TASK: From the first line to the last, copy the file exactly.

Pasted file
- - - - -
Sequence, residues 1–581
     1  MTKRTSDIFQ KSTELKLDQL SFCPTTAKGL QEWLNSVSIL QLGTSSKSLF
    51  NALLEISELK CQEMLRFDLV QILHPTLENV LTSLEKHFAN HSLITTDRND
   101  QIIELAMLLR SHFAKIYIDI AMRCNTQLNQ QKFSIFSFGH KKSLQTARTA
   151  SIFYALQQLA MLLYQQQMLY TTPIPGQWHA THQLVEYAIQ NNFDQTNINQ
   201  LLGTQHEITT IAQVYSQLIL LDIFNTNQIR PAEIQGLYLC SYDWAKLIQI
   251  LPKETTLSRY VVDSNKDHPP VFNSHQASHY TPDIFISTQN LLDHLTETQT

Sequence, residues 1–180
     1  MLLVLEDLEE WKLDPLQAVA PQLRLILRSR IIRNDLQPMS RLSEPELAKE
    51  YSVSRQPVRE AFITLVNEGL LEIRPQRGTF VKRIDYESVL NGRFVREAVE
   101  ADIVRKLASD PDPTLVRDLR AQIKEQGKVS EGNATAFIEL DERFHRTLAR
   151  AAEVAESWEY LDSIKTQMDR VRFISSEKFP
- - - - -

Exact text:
Sequence, residues 1–581
     1  MTKRTSDIFQ KSTELKLDQL SFCPTTAKGL QEWLNSVSIL QLGTSSKSLF
    51  NALLEISELK CQEMLRFDLV QILHPTLENV LTSLEKHFAN HSLITTDRND
   101  QIIELAMLLR SHFAKIYIDI AMRCNTQLNQ QKFSIFSFGH KKSLQTARTA
   151  SIFYALQQLA MLLYQQQMLY TTPIPGQWHA THQLVEYAIQ NNFDQTNINQ
   201  LLGTQHEITT IAQVYSQLIL LDIFNTNQIR PAEIQGLYLC SYDWAKLIQI
   251  LPKETTLSRY VVDSNKDHPP VFNSHQASHY TPDIFISTQN LLDHLTETQT

Sequence, residues 1–180
     1  MLLVLEDLEE WKLDPLQAVA PQLRLILRSR IIRNDLQPMS RLSEPELAKE
    51  YSVSRQPVRE AFITLVNEGL LEIRPQRGTF VKRIDYESVL NGRFVREAVE
   101  ADIVRKLASD PDPTLVRDLR AQIKEQGKVS EGNATAFIEL DERFHRTLAR
   151  AAEVAESWEY LDSIKTQMDR VRFISSEKFP